9
$\begingroup$

I'm currently reading Ronnie Brown's Topology and Groupoids and am stuck on a small detail of his computation of the fundamental group of the circle (in particular his computation of the group's generator). Recall that there is a functor $\pi:\mathbf{Top}\rightarrow \mathbf{Grpd}$ from the category of the topological spaces to the category of groupoids taking a space $X$ to its "fundamental groupoid" $\pi X$, the category with objects the elements of $X$ and morphisms the homotopy classes of paths in $X$. For any set $A$, we define $\pi XA$ to be the full subcategory of $\pi X$ with objects $X\cap A$. Chapter 6 gives a proof of a kind of baby van-Kampen theorem for fundamental groupoids: if $X$ is a topological space with subspaces $X_0, X_1, X_2$ such that $X_0=X_1\cap X_2$ and $X=\mathrm{Int}(X_1)\cup\mathrm{Int}{X_2}$, and $A$ is a set (for convenience assume contained in $X$) such that $A$ meets every path component of $X_0$, $X_1$, and $X_2$, then the following commutative square induced by inclusion maps is a pushout in $\mathbf{Grpd}$: $\require{AMScd}$ \begin{CD} \pi X_0A @>i_1>> \pi X_1A\\ @Vi_2VV @VVu_1V\\ \pi X_2A @>u_2>> \pi XA \end{CD} A further theorem is that, if $A'$ is a subset of $A\cap X_1$ that meets every path component of $X_1$, then letting $A_1=A'\cup (A\setminus X_1)$ we can extend this square to another groupoid pushout $\require{AMScd}$ \begin{CD} \pi X_0A @>i_1>> \pi X_1A @>r>> \pi X_1A_1\\ @Vi_2VV @VVV @VVu_1V\\ \pi X_2A @>u_2>> \pi XA @>r'>> \pi XA_1 \end{CD} where $r$ and $r'$ are deformation retractions – i.e. their composition with the natural inclusion functors on the left are homotopic as functors to the respective identity on $\pi X_1 A$ and $\pi X A$ ($\mathrm{rel}(\pi X_1 A_1)$ and $\mathrm{rel}(\pi X A_1)$ respectively). (The use of $u_1$ here as the induced inclusion map is a slight abuse of notation.)

I've read and understood the proofs of both of these results. Now, the final result of the chapter is to apply the latter theorem to a computation of the fundamental group of the circle (which is isomorphic to the "object group" $\pi(S^1, 1):=\pi S^1(1, 1)$). Here is the proof (Brown uses $+$ to denote composition of paths and $\mathbf{I}$ to denote the unique tree groupoid on two objects $0$ and $1$):

enter image description here enter image description here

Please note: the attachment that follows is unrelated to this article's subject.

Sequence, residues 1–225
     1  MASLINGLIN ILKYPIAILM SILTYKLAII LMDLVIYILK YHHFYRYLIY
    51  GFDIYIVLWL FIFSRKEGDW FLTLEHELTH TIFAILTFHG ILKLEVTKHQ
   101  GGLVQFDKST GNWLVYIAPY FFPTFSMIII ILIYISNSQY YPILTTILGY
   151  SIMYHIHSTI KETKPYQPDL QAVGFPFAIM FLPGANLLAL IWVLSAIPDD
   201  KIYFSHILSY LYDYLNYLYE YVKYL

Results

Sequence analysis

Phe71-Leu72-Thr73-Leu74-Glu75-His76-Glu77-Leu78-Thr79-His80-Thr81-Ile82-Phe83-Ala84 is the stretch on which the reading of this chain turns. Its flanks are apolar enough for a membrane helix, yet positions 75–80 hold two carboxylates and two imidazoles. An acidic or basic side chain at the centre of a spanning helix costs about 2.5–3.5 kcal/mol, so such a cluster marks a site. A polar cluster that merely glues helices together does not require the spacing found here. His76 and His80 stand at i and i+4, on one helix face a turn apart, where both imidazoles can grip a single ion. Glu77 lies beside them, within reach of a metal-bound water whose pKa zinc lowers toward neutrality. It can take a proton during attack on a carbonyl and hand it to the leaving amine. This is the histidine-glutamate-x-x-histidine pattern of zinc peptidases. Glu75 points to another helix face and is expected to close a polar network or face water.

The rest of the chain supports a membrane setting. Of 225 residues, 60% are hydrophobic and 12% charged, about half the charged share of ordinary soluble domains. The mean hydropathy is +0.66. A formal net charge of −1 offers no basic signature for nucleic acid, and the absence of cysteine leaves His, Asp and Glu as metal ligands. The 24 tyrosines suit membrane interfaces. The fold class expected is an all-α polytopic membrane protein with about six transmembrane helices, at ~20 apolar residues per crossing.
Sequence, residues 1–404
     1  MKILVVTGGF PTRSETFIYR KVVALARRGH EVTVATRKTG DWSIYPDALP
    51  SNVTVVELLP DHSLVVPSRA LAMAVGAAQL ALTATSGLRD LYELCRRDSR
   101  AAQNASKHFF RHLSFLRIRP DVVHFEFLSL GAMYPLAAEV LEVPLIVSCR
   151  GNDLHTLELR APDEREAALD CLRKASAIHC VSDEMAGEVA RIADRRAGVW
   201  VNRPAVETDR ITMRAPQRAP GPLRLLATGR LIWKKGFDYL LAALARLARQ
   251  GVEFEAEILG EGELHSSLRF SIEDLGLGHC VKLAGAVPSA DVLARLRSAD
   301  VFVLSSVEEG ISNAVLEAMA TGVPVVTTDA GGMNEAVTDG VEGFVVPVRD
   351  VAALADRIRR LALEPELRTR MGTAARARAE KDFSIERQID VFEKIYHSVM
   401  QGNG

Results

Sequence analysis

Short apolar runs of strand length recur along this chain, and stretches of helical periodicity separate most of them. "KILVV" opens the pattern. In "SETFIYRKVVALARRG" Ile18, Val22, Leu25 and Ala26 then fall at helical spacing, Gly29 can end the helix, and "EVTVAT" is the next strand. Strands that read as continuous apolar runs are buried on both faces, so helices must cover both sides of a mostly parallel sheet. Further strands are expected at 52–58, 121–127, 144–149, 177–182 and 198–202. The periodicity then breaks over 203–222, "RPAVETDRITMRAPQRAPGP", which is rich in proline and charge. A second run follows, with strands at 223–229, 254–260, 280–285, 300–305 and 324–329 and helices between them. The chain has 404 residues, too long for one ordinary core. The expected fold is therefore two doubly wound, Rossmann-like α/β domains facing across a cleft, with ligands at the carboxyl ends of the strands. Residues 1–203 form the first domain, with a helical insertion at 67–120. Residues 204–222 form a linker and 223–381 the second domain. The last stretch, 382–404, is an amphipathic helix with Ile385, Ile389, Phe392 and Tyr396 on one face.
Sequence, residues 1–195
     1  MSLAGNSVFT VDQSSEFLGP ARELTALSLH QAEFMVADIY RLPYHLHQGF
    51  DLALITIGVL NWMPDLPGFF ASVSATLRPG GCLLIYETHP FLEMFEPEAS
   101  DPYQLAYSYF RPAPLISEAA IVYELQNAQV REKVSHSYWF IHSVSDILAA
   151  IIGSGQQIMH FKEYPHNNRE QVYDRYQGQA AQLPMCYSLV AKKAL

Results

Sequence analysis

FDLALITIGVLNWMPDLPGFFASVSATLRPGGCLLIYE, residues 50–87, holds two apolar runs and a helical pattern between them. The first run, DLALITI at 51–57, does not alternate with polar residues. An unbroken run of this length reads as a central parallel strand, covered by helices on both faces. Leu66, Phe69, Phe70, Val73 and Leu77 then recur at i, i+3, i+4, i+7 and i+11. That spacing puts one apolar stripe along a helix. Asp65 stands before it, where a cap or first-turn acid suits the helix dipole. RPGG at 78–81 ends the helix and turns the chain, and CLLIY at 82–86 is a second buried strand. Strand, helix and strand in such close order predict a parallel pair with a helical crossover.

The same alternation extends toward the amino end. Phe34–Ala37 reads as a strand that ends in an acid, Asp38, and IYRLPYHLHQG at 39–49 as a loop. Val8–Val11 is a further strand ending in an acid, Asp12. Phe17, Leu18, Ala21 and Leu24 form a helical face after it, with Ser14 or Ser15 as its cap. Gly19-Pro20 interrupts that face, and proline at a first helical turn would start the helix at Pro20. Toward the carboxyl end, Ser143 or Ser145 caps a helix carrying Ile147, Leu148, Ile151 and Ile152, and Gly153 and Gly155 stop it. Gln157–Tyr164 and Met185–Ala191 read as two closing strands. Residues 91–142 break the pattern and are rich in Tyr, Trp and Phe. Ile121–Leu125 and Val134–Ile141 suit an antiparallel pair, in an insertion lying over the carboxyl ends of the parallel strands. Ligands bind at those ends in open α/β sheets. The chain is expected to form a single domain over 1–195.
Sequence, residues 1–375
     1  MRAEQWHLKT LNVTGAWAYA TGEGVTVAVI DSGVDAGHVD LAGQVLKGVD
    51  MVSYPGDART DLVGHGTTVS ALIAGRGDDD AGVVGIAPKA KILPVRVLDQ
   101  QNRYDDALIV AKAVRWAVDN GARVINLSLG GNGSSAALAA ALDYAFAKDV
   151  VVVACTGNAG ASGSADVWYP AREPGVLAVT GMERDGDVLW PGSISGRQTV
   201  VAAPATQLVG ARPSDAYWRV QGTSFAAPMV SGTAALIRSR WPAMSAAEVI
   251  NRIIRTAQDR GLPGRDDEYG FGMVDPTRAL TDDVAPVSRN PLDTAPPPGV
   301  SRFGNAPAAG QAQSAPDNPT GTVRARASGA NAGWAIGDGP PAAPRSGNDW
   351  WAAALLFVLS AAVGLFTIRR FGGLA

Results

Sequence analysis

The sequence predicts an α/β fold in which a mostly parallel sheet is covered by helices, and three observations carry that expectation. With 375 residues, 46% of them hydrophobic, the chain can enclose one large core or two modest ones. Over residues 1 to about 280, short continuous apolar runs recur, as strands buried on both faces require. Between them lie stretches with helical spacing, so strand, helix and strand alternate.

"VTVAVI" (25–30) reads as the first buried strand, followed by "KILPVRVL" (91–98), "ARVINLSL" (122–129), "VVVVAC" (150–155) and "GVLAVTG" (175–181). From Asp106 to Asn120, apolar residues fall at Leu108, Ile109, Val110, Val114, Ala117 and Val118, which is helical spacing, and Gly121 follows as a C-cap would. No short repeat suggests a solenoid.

Everything is clear to me except the very last argument that $\varphi$ is a generator, and in particular the claim that the retraction $r'$ satisfies the identity $r'=-\varphi_1+\varphi_2$. As best as I can see, an argument for this might run by taking $F:\pi S^1 A \times \mathbf{I}\rightarrow\pi S^1 A_1$ to be a functor homotopy $ir'\simeq \mathrm{id}_{\pi S^1 A} \space\mathrm{rel}(\pi S^1 A_1)$ where $i:\pi S^1 A_1 \rightarrow \pi S^1 A$ is the map induced by inclusion. Then, if $\iota$ is the unique element of $\pi I(0, 1)$, we have by definition of functor homotopy a commutative square in $\pi S^1 A$ $\require{AMScd}$ \begin{CD} F(1, 0)=ir'(1)=1 @>ir'\varphi_2=r'\varphi_2>> F(-1, 0)=ir'(-1)=1\\ @VF(\mathrm{id}_{1}, \iota)=\mathrm{id}_{1}VV @VVF(\mathrm{id}_{-1}, \iota)V\\ F(1, 1)=\mathrm{id}_{\pi S^1 A}(1)=1 @>\mathrm{id}_{\pi S^1 A}(\varphi_2)=\varphi_2>> F(-1, 1)=\mathrm{id}_{\pi S^1 A}(-1)=-1 \end{CD} (where the arrow on the left side of the square is the identity by the $\mathrm{rel} (\pi S^1 A_1)$ condition). Clearly if we had $F(\mathrm{id}_{-1}, \iota)=\varphi_1$ then we would be done, but I don't see anywhere in the construction of $r'$ why this has to be the case. Does anyone have any insight? Sorry for the overly long post; if notation is unclear check out Chapter 6 of the attached pdf above. Thank you so much in advance.

$\endgroup$

1 Answer 1

4
$\begingroup$

Aha, I've figured it out! The construction of $r'$ and $r$ in the composed commutative square in the question statement also gives that $\require{AMScd}$ \begin{CD} \pi X_1A @>r>> \pi X_1A_1\\ @Vu_1VV @VVu_1V\\ \pi XA @>r'>> \pi XA_1 \end{CD} commutes (and is in fact a pushout as well, though we do not need this); again we abuse notation with respect to $u_1$. In the context of $S^1$ and $X, X_1, A, A_1$ as given, this is a square $\require{AMScd}$ \begin{CD} \pi X_1\{-1, 1\}\cong\mathbf{I} @>r>> \pi X_1\{1\}\cong\mathbf{0}\\ @Vu_1VV @VVu_1V\\ \pi S^1\{-1, 1\} @>r'>> \pi S^1\{1\}\cong\pi_1(S^1, 1) \end{CD} where $\mathbf{0}$ is the tree groupoid on the singleton $\{1\}$ and $\mathbf{I}$ is as above. In particular, $\varphi_1$ is the unique element of $\pi X_1(1, -1)$, so the commutativity of the square gives $r'(\varphi_1)=r(\varphi_1)=id_1$. Using the same functor homotopy square as in the question text but substituting $\varphi_1$ for $\varphi_2$ in the horizontal morphisms gives also that $\varphi_1 id_1=F(id_{-1}, \iota)r'(\varphi_1)=F(id_{-1}, \iota)id_1 $, whence $F(id_{-1}, \iota)=\varphi_1$ as desired.

Question: is this the best way of seeing this? The fact that Brown didn't include this argument in the proof makes me feel like there must be a more "immediate" way to see it.

$\endgroup$

Your Answer

By clicking “Post Your Answer”, you agree to our terms of service, privacy policy and cookie policy

Not the answer you're looking for? Browse other questions tagged or ask your own question.